[27:01] And if you break this down this continuous lean process and if you transfer that also to a continuous innovation thing is what I understand from you is you.
You do that in very very small steps. So to second line culture.
But two seconds every day is one of the most important things for you to fix what bugs you.
[27:26] That’s right. We’re just developing a habit. We’re just just like you get up in the morning and you walk into the bathroom and you grab your toothbrush toothpaste and you brush your teeth because that makes sense to do that.
Right. But that’s a habit or you get up in the morning and you make coffee every morning. It’s a habit.
All we want to do is create a small habit. It’s like making coffee as a small habit or brushing your teeth.
Small habit the habit of looking at something and say How can I make that better.
That didn’t work very well that bugs me.
[27:56] And then stopping and doing something about it that’s all too second mean suggesting,
OK I sometimes talk to two directors CEOs and they say oh no I have to invest time people don’t do that work.
If they do something better if they make that if they think about improvements.
That’s called a big contract victory right.
[28:23] Well well well that’s true.
You do have to invest time and money and do it all before but then then this is the other distinct feature or characteristic of a lean thinker vs.
An average person a lean thinker is long term,
they think long term they understand that there’s an investment up front but in the long term things are going to be way way better and they have a totally comfortable with spending money now knowing that they’ll be a perpetual,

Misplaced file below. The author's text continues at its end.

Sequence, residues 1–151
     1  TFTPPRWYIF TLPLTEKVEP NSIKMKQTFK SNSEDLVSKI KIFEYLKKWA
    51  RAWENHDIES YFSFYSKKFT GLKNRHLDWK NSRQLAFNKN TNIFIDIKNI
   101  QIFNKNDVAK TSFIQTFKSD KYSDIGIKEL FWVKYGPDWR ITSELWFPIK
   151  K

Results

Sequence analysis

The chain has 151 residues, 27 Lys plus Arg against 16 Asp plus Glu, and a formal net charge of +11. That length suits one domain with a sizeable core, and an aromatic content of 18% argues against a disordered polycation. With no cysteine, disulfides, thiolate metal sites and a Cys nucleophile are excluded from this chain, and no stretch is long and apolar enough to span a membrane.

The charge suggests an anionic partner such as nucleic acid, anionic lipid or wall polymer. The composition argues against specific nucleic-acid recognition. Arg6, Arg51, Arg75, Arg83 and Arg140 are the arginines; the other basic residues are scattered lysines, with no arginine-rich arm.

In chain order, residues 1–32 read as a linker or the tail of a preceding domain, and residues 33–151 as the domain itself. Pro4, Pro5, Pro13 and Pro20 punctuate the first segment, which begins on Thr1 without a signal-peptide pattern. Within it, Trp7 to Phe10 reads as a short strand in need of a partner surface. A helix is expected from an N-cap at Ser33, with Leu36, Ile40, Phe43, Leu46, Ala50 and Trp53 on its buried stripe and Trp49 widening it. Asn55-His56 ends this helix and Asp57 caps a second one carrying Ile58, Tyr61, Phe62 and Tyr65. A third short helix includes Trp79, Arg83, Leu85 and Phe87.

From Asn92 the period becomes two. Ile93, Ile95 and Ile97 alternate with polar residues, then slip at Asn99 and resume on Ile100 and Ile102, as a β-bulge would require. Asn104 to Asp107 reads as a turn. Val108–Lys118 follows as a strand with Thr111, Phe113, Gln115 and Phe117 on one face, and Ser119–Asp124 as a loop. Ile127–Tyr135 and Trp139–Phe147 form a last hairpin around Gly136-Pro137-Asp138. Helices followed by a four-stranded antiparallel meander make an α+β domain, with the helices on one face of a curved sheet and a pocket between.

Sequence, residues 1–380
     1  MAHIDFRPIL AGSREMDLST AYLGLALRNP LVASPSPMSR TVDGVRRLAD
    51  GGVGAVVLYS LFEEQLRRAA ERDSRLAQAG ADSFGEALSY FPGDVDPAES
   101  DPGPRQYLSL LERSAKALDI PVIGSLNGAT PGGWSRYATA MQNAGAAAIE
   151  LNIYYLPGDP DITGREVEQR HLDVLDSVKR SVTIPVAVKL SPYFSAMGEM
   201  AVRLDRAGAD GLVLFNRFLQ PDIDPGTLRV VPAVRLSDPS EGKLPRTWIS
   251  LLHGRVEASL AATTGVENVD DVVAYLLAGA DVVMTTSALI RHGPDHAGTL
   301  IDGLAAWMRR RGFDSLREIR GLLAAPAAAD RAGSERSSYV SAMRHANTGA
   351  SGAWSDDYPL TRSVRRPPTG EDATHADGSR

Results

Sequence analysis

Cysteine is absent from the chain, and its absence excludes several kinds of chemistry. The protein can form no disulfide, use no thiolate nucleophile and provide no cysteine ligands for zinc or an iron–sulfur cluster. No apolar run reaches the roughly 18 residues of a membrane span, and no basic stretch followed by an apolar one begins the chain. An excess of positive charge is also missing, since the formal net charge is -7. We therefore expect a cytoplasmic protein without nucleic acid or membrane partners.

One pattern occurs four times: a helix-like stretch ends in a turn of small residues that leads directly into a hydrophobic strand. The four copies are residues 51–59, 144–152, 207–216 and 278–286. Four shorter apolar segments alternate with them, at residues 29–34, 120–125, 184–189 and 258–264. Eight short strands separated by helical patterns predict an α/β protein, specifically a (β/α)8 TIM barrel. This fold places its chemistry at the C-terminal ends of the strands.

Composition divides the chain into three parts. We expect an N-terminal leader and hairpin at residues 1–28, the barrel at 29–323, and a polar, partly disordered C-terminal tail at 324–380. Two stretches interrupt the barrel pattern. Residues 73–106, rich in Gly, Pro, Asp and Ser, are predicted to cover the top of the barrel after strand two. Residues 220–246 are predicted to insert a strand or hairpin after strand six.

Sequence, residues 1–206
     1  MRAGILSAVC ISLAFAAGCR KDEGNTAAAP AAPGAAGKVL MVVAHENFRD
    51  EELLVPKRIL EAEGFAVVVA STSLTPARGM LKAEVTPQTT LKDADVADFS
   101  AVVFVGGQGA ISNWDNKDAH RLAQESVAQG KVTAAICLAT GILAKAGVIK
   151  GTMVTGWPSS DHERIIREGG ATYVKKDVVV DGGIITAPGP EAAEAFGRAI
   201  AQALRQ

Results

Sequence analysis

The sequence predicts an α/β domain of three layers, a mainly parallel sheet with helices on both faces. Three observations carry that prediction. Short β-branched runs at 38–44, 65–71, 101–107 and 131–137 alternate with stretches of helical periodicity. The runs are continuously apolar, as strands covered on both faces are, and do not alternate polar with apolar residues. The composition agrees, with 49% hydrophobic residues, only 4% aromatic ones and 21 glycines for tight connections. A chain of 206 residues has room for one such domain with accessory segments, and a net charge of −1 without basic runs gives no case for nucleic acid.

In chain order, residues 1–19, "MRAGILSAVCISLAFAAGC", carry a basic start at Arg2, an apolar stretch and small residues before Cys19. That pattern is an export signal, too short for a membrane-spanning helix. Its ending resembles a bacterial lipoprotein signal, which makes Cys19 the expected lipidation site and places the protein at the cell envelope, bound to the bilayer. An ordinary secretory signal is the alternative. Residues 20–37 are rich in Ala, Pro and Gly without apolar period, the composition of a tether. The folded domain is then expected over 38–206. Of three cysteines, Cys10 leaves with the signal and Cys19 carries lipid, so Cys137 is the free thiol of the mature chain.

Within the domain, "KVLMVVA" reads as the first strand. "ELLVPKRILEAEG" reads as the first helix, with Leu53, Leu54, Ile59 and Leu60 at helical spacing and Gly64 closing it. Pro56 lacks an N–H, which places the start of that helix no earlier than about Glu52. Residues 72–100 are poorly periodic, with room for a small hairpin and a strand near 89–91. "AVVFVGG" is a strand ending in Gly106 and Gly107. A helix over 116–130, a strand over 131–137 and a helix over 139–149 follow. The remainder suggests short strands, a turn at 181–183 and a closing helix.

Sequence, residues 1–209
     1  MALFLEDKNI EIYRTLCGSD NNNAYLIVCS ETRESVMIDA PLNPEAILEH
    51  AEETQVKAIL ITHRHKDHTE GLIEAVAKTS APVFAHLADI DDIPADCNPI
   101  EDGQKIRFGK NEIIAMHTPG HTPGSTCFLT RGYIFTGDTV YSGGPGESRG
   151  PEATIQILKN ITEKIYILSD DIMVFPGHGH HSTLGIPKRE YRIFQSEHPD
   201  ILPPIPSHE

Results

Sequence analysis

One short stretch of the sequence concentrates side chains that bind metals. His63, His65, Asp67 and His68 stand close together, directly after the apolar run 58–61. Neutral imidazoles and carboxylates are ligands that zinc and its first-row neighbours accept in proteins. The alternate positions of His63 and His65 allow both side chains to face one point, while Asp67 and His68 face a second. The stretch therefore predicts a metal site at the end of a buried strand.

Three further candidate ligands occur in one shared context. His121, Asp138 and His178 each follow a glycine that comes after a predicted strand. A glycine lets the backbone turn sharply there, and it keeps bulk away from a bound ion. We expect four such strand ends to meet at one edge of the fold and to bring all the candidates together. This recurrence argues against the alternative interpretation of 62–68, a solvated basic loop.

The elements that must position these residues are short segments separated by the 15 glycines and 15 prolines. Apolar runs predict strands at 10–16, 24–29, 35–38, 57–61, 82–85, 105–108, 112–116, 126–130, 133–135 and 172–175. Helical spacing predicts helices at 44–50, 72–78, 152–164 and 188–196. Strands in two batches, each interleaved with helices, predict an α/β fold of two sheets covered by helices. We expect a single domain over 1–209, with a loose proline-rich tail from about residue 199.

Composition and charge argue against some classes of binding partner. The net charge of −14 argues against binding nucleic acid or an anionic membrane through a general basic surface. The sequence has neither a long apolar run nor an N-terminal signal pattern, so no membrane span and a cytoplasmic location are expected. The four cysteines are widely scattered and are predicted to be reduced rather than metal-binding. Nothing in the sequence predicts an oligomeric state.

or a return in perpetuity over and over and over again.
Nay nay nay. Wholly understand that math equation a lot of people are short term quarterly earnings.
You know all the other stuff and got to look good for the board and all that I could care less buying stuff.
[29:15] Oh yeah I see what you mean.
And especially if the argument is it’s two seconds a day I’m going to improve something that will over time be an hour save an hour for example.
But the investment is also very very small but in the end after a year or several years there will be huge huge savings nature’s right.
So give me what happened to me yesterday. So for the last four weeks we’ve been going through a transformation here at Fast cap and I have spent what eight hours a day for four weeks.
My time is very valuable you know trying to solve some problems.
And yesterday on the shop floor at 5 o’clock in the afternoon I was watching someone do something and I and also I had an epiphany. You know we don’t need to be doing that.
And then we ran a tests and indeed the test proved out what I was saying. So I spent four weeks of my time eight hours a day trying to solve a problem.
And yesterday we had the solution the problem and the problem will increase productivity by three hundred percent for 10 people a day.
[30:31] That’s substantial.
[30:33] That’s that’s staggering.
[30:36] Now this is not from a neophyte company this is from a company that again everybody comes to watch and learn from.
This is from a company has been doing lean the Toyota production system for 20 years.
This is from a guy who works in Japan who lead study missions who works with the top leaders in Japan Toyota Lexus.
You would think I would have had it figured out by now. Right.
[30:58] Well nobody’s perfect but that’s how radical that’s how radical of a transformation that can occur on a regular basis with everyone in perpetuity.
Yes I’m very lonely. You really stepped shot at staggering now.
[31:17] I can’t wait till the interview is over with. Even though I’m totally enjoying the interview with you because I’m a run out there we’re going to start implementing you know what I mean.
I’m so excited I can’t stand it.
[31:27] Yeah especially if you know that it’s going to help and it’s going to be a bit a lot of fun also doing it and seeing the results.
Yeah I see what you mean so let’s hurry up.
[31:39] No no no no no no. You know what I’m saying. I’m just saying yes that’s what’s on my mind. I can’t wait to go out there. Try it. It’s going to be incredible.